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Wednesday, May 14, 2008

Epicurean Existentialism

It's just like me to make a flowchart on how to eat out, how to survive really, and go out of my way to ignore it.

Like the Christian Existentialists who explain life's troubling, irreconcilable paradoxes through the existence (and source) of the greatest irreconcilable paradox--Jesus (God/man? mortal/immortal?--anyone else confused? No? Congratulations--you're smarter than me.)--sometimes we do things not because they make or don't make sense, but because we just do them. Some things just are. Their absurdity is in line with the inherent absurdity of the universe and hence, given a certain liberal mindset, we are comforted.

And so was my absurdly comforting dinner at Chavella's last night.

ordered the chicken enchiladas. Here's the thing about chicken: I was a vegetarian for 11 years, vegan for two of them and I certainly didn't start eating meat again to eat factory farmed chicken. But, and I'm not making excuses here as I think factory farm chicken is morally and ecologically reprehensible, in the moral/flavor cost-benefit analysis often at work in my food choices, there's something about that ambiguously but inarguably delicious American Mexican chicken that I'm a total sucker for. So, as I said, I ordered the chicken enchiladas.

At Chavella's, a pretty good little Mexican joint a few blocks from my Brooklyn digs, one orders his/her enchiladas with a choice of salsa verde or mole. You don't need a PhD in Cilantro Hate to know salsa verde is quintessentially dangerous to the cilantro averse. For those of you living in the far reaches of xenophobic denial, speaking so little Spanish that you don't know verde means green--verde means green. It gets its green moniker from a variety of ingredients, most notably tomatillo, lime, green chili and, yes, cilantro.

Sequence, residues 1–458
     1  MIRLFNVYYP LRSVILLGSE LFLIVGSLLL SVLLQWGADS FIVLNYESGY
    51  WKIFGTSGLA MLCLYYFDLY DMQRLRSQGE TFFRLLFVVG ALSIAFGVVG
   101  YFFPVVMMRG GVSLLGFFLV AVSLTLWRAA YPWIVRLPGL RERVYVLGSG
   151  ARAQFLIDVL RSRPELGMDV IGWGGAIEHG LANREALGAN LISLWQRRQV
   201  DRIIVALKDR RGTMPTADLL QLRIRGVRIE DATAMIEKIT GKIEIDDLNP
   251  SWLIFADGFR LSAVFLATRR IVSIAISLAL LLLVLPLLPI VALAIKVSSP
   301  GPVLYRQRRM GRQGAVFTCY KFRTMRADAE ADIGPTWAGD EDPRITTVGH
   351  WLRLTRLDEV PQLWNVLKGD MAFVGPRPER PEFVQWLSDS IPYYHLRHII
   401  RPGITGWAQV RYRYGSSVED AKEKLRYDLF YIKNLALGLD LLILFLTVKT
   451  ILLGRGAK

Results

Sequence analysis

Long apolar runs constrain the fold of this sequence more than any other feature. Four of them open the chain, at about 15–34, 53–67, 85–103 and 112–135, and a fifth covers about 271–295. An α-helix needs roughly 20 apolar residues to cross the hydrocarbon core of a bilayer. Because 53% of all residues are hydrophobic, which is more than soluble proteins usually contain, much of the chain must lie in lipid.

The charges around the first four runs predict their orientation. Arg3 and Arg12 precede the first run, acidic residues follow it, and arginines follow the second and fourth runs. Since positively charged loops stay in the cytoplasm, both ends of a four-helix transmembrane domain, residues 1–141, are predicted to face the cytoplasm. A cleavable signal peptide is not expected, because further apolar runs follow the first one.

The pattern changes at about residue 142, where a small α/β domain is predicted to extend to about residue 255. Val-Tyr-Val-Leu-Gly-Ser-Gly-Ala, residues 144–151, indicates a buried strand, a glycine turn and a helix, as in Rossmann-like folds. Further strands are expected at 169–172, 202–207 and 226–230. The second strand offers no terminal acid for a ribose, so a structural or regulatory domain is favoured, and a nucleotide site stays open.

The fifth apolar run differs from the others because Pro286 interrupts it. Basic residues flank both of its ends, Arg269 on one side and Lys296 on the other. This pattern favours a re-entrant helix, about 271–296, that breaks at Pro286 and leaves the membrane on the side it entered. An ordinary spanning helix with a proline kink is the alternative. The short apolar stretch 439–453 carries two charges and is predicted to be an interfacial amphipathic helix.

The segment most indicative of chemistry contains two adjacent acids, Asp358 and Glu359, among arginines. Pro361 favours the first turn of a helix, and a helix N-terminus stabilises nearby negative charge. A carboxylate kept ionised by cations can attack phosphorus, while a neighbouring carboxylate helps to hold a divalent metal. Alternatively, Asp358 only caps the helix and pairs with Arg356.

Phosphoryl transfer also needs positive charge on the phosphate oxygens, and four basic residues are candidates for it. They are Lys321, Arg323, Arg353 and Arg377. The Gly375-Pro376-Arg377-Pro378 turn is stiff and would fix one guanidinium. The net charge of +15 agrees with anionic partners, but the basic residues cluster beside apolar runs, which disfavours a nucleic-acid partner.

But the thing is the gentleman next to me had ordered the chicken enchiladas with salsa verde and he was enjoying them with gusto in a not-subtly audible fashion. I asked, "Sir, excuse me, I can't help but notice that you're enjoying those enchiladas."

"Oh, God yes. They're so delicious," he replied.

"Sir, do you have a palate for cilantro? What I mean to say is, would you notice if there was cilantro in your salsa verde there?," I continued.

A good sport, he confirmed what I already knew: "Well, yes, it's noticeable but certainly not overwhelming and did I mention how truly delicious they are?"

So then the waitress did what I didn't even consider asking her to do, which was to bring me the mole and verde to try. The cilantro-hating friend who was with me tried them both too. Strangest thing: I could kind of tell there was cilantro in the verde, but I liked it anyway, not because of the cilantro mind you, but despite it. Now, it's common knowledge that the cilantro taste is mitigated in the cooking process and in this case it was cooked. There was no extra fresh cilantro chiffonade or fresh cilantro finishing touch of any kind. As such it just sort of became one with the sauce. I don't know what I'm saying here. This doesn't make sense! This is so, so, absurd.

So I ordered the enchiladas with the very bright, pleasant, garlicky, limy, spicy sauce. It was perfect with the queso fresco and crema and yummy chicken and delicious house-made tortillas. The mole would have overwhelmed everything as (if you want my opinion) it does most everything it touches. In short, the chicken enchiladas verdes were good.

Now, this is not the post you've all been waiting for where I change my ways, start liking cilantro and ruin my blog. No. This is the post where I admit there was once a time in my life when I ate something that had cilantro in it and enjoyed it and much to the chagrin of you polarizing cilantro lovers out there--I'm OK with that. Existence precedes essence, if you know what I'm saying.

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